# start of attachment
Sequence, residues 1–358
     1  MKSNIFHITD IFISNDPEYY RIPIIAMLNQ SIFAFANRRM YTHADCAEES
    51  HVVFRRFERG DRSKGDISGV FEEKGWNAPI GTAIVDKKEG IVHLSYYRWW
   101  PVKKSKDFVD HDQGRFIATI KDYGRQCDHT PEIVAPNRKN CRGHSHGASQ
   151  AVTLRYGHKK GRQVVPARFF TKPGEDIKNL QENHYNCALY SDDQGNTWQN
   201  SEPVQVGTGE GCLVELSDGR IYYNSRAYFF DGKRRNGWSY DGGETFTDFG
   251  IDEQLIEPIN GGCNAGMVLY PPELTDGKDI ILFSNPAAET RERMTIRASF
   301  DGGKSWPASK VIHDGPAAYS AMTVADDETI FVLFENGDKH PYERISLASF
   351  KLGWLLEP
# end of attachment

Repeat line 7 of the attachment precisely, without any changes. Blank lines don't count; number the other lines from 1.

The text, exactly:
   251  IDEQLIEPIN GGCNAGMVLY PPELTDGKDI ILFSNPAAET RERMTIRASF